The Time Traveling Brain

2018-03-16 10.43.11My show with director Mark Kennedy-McClellan, at Caveat New York, was a hit – it was featured in the New York Times and got a lovely writeup on the Dana Foundation Blog!

This is the second performance of this show, which is part of a series called Talks Progress Administration, in which a scientist is paired with a theatre director to create an engaging public talk. Mine is on episodic memory and this is the second version – the first one included music and storytelling and this one was a “whodunnit” style mystery about stolen memories. Who knows what the next one will look like?!

Brain Awareness Week

It’s nearly my favourite week: Brain Awareness Week!

2015-03-22 22.17.31

I’m involved in some really fun, exciting events this year. For a full calendar of New York events, check out the Come Be BraiNY website. And if you want to see me, I will be performing around the city all through March:

Tuesday, March 6: The Story Collider: Brain Awareness. With stories from Sandi Marx, Matthew Dicks, Nisse Greenberg, Kelley Remole and Anita Burgos. Co-hosted by me and Erin Barker.

Tuesday, March 13: My science talk/theater project, The Time Traveling Brain, with director Mark Kennedy-McClellan is back at Caveat as part of their Talks Progress Administration series. Come and hear me take a journey through our memories and investigate how they allow us to travel in time.

Friday, March 16: I’ll be appearing in Monotony! a comedy show where people make boring stuff sound interesting.

The Story Collider

I’m thrilled to be taking on a new role as New York Producer for The Story Collider! As well as being really excited about science, I’m also passionate about storytelling, so I’m really happy to be more involved with their efforts.

We’re always looking for storytellers, so if you have an idea, pitch it to us here. And don’t forget to check out our podcast for past stories.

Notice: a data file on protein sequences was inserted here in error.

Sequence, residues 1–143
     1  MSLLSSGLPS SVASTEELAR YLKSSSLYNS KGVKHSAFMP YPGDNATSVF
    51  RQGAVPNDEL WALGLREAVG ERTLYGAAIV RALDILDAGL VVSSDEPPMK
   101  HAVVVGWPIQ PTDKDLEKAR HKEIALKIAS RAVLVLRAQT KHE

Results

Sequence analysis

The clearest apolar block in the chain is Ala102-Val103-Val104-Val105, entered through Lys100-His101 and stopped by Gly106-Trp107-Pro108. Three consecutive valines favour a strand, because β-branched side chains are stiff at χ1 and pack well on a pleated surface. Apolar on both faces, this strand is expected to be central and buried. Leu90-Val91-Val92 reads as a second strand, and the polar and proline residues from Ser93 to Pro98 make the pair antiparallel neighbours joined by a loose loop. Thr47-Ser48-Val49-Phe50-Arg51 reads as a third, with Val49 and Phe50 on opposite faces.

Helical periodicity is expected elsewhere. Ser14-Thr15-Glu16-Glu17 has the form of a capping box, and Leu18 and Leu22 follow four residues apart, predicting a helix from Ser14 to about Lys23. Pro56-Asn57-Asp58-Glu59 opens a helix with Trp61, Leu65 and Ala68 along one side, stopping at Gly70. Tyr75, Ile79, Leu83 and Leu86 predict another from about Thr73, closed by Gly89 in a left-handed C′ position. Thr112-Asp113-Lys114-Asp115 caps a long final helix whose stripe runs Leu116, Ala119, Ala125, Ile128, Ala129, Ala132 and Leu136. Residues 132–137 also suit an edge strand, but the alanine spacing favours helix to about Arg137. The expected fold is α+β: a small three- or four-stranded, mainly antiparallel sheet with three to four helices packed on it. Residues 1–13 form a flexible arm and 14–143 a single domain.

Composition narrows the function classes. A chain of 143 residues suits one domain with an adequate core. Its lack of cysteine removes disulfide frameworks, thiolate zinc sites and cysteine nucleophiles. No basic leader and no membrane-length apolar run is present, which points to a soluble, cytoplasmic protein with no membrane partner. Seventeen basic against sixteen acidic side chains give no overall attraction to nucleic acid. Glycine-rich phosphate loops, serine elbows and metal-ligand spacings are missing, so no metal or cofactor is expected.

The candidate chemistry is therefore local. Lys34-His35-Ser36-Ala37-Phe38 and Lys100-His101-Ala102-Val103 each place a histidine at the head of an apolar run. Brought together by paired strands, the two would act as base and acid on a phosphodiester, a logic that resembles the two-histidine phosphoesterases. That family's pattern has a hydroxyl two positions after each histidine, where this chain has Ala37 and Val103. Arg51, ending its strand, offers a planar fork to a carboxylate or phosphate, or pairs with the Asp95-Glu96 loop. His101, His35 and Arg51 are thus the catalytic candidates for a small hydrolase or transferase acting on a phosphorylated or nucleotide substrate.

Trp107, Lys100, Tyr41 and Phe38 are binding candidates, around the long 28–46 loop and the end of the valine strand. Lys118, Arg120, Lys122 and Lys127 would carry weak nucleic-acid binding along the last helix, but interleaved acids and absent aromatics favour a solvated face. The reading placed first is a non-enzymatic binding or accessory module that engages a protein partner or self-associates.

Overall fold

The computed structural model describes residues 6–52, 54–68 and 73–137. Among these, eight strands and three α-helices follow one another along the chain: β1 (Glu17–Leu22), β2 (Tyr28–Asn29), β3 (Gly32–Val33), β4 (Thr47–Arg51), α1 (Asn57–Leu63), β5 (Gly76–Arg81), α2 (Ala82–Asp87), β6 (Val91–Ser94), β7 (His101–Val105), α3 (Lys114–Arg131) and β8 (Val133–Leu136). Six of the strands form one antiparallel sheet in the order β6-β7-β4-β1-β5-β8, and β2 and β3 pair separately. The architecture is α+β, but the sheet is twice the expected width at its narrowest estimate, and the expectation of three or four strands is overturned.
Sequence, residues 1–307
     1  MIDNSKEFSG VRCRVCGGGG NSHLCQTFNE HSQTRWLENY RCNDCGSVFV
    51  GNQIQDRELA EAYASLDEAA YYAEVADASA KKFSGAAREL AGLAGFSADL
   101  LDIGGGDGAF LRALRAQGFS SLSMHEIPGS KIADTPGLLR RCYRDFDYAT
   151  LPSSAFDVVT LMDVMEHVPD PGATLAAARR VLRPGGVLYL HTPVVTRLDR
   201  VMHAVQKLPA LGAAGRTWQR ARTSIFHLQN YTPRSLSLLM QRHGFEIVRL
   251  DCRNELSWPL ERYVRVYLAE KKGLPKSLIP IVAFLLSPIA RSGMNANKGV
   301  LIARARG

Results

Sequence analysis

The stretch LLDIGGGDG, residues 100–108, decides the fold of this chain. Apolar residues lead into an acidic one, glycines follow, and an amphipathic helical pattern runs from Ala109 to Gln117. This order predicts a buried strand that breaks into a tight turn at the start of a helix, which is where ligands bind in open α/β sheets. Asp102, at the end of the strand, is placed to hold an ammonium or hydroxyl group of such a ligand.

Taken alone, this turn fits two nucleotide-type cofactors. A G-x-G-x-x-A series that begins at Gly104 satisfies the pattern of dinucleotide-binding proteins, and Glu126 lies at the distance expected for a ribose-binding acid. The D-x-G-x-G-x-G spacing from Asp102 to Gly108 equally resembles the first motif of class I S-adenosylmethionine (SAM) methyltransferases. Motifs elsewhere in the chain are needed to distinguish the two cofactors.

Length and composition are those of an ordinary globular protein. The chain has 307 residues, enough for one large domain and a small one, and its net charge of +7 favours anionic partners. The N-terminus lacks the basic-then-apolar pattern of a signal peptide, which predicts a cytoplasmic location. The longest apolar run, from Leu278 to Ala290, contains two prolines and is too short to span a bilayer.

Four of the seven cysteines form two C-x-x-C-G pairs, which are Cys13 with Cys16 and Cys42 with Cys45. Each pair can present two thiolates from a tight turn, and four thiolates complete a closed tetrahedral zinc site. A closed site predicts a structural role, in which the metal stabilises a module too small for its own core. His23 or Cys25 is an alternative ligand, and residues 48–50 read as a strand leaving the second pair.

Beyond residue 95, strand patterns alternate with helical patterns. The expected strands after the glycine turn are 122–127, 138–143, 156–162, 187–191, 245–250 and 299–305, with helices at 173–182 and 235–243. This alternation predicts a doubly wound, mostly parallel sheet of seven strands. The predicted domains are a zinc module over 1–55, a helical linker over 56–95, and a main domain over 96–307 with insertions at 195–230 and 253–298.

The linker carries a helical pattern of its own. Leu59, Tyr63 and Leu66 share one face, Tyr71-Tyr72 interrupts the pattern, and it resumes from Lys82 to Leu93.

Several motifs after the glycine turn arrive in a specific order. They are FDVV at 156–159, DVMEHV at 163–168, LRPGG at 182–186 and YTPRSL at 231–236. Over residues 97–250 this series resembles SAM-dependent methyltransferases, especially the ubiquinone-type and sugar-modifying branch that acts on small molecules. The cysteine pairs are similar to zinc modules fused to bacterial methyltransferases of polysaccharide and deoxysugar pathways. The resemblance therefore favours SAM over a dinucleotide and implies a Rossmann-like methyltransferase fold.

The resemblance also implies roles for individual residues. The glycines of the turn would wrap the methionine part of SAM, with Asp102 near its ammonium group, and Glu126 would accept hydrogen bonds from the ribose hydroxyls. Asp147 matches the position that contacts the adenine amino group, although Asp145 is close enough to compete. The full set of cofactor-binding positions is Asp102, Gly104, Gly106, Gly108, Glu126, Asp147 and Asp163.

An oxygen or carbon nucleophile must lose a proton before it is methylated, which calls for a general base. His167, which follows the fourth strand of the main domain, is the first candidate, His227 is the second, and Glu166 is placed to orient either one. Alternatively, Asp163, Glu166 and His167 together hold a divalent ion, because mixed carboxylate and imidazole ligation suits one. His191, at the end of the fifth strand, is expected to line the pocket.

You can hear my own two stories here:



RA job available

Mark Baxter and I are searching for an RA to work on this really exciting project involving chemogenetic manipulation of the basal forebrain and working memory.

Research Associate Position

A full-time position is available for a Research Associate I in the laboratories of Paula Croxson and Mark Baxter.

The laboratories work on the cognitive neuroscience of memory and higher cognitive function. The applicant will be required to perform and assist with research using behavioral testing, MRI scanning, surgery, histology and epigenetic techniques. S/he will manage the day-to-day running of the lab. S/he will also be involved in coding new behavioral tasks, carrying out literature searches, analyzing data and creating manuscript sections, figures and presentations.

Interested candidates should have an undergraduate degree in Neuroscience, Biological Science or a related discipline. Must also have excellent verbal and written English.

Research experience is preferable and experience with behavioral testing of laboratory animals is desirable. Candidates with programming experience (particularly Matlab) or experience with MRI analysis packages (FSL, SPM , Freesurfer, AFNI) are also encouraged.

To apply send a cover letter, curriculum vitae and the names and contact details of three referees to Applicants are also encouraged to send any enquiries about the role to the same address. To find out more about the laboratory and see recent publications, visit: and

Formal link to apply here:

Causal effect of disconnection lesions on interhemispheric functional connectivity in rhesus monkeys

Our new paper just came out in PNAS: O’Reilly Croxson et al. Causal effect of disconnection lesions on interhemispheric functional connectivity in rhesus monkeys.

Screen Shot 2013-08-07 at 16.15.39Sectioning the corpus callosum in monkeys leads to breakdown in functional connectivity between the hemispheres. However, when the anterior commissure is left intact, a surprising amount of functional connectivity between the hemispheres remains. The relationship between cortico-cortical structural connections and functional connectivity is not as simple as we once thought.